# How should we deal with diagrams which do not conserve particle number in a non-relativistic field theory?

+ 3 like - 0 dislike
503 views

In the last 10 years there has been more and more crossover of techniques from high energy physics being used in AMO and condensed matter scenarios, in particular diagrammatic techniques and related perturbative calculations. Unlike the relativistic case, a simple Schrodinger field theory will conserve the number of particles; however, not all diagrams that one might draw respect this conserved quantity. My question is, what should be done with such diagrams? Will the theory generically result in these diagrams not contributing to scattering processes or is this something that has to be input 'by hand?'

As an illustrative example, consider the interaction of two non-relativistic scalar fields with a local quartic interaction
$$\mathcal{L} = \sum_{i=1}^2{(\psi^\dagger_i \dot{\psi}_i - \frac{1}{2m} \nabla \psi^\dagger_i \nabla \psi_i)} + \frac{g}{m} \psi^\dagger_1 \psi^\dagger_2 \psi_2 \psi_1,$$ which represents a system whose excitations are fermions with 2 orthogonal spin states with a contact interaction. Such a theory is considered in Braaten and Platter's [Exact Relations for a Strongly Interacting Fermi Gas from the Operator Product Expansion](http://journals.aps.org/prl/pdf/10.1103/PhysRevLett.100.205301).

Note in particular that they find that after imposing a momentum cutoff for the theory, the coupling constant must satisfy $$g(\Lambda) = \frac{4 \pi a}{1- 2 a \Lambda/\pi}$$ to recover the scattering amplitude we expect from the zero-range model with a scattering length $a$ (and $\Lambda$ is the momentum cutoff). Importantly, the coupling constant $g \sim \mathcal{O}(1/\Lambda)$ for large cutoff.

However, if one computes the corrections to the propagator (of either particle) you find that the first order correction has only one diagram and its value is $$\Delta_1(k) \sim -\frac{i g}{8 m \pi^2} \frac{\Lambda^3}{3}.$$ On the contrary, I expected this diagram to not contribute anything (similarly to how it does not in the relativistic $\phi^4$ theory)  1) because it does not conserve particle number and 2) because the parameter 'm' of the bare theory is the SAME 'm' that appears in the equivalent Schrodinger equation, meaning that the physical mass of the particle is not changed by the perturbative corrections. And then, not only is the contribution non-zero but it blows up as the cutoff becomes large. Are we required to postulate that $$m = m_0 + \mathcal{O}(\Lambda^3)$$ so that these contributions do go to zero as the cutoff increases?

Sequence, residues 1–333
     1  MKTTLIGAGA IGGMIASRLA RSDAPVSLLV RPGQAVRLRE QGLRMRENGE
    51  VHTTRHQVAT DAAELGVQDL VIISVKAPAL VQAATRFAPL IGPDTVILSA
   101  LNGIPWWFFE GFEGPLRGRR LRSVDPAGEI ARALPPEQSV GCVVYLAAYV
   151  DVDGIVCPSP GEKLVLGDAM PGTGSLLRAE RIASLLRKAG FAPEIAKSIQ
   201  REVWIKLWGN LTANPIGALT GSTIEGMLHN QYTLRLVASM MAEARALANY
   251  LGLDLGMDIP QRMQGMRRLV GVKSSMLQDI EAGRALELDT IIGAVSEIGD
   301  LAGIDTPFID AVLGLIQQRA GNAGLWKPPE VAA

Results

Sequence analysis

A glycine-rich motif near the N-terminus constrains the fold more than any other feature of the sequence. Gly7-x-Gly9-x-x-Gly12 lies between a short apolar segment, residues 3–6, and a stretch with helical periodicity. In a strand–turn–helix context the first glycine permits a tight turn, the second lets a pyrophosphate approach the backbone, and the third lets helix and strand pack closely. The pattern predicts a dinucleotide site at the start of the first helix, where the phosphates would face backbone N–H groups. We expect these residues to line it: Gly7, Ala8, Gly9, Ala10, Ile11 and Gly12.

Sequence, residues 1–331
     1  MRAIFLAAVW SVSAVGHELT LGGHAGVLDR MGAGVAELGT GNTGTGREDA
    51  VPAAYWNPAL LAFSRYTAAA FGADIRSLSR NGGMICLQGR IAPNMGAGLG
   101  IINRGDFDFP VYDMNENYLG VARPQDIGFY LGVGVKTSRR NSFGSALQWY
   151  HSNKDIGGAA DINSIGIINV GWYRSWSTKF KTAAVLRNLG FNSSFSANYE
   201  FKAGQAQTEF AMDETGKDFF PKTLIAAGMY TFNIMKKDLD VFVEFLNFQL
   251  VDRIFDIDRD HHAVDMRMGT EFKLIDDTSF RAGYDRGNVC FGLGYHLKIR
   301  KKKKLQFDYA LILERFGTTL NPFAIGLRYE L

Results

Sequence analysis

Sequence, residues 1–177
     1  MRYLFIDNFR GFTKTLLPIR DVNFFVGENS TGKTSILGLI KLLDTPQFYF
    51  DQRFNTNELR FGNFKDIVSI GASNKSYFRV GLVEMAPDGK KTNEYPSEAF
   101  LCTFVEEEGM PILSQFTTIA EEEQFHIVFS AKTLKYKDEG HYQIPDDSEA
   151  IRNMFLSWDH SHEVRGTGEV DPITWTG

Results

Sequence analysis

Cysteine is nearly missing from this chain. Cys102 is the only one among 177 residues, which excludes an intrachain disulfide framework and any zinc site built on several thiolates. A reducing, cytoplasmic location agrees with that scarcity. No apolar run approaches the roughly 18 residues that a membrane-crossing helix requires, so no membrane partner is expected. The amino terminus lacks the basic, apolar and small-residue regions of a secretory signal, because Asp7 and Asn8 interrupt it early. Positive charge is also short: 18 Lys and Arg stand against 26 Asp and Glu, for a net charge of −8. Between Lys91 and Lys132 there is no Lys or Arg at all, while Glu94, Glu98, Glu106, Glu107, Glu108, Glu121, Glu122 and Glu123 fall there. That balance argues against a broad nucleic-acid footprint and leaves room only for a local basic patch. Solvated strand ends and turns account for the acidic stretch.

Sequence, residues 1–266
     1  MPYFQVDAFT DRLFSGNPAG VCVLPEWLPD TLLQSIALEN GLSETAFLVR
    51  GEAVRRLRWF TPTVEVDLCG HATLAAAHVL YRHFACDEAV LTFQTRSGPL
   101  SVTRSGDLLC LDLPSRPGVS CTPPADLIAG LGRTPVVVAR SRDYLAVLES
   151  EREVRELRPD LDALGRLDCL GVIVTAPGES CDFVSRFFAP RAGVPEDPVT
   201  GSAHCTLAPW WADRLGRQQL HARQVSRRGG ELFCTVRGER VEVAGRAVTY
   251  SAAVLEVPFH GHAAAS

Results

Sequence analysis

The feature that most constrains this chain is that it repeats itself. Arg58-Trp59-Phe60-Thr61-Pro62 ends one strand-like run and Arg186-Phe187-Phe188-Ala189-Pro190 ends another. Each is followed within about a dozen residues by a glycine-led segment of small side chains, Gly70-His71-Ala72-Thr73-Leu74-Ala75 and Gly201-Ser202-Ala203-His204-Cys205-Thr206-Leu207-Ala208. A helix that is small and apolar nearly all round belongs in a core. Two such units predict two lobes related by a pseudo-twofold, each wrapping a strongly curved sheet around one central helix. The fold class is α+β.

Identical question for reference: http://physics.stackexchange.com/questions/200237/how-should-we-deal-with-diagrams-which-do-not-conserve-particle-number-in-a-non asked Aug 21, 2015

If this diagram is a correction to the propagator how does it not conserve particle number? The initial and final particle number should still both be 1, right? In relativistic $\phi^4$ theory there is most definitely a self-energy contribution that blows up with the cutoff. answered Oct 28, 2015 by anonymous
 Please use answers only to (at least partly) answer questions. To comment, discuss, or ask for clarification, leave a comment instead. To mask links under text, please type your text, highlight it, and click the "link" button. You can then enter your link URL. Please consult the FAQ for as to how to format your post. This is the answer box; if you want to write a comment instead, please use the 'add comment' button. Live preview (may slow down editor)   Preview Your name to display (optional): Email me at this address if my answer is selected or commented on: Privacy: Your email address will only be used for sending these notifications. Anti-spam verification: If you are a human please identify the position of the character covered by the symbol $\varnothing$ in the following word:p$\hbar$ysicsOv$\varnothing$rflowThen drag the red bullet below over the corresponding character of our banner. When you drop it there, the bullet changes to green (on slow internet connections after a few seconds). To avoid this verification in future, please log in or register.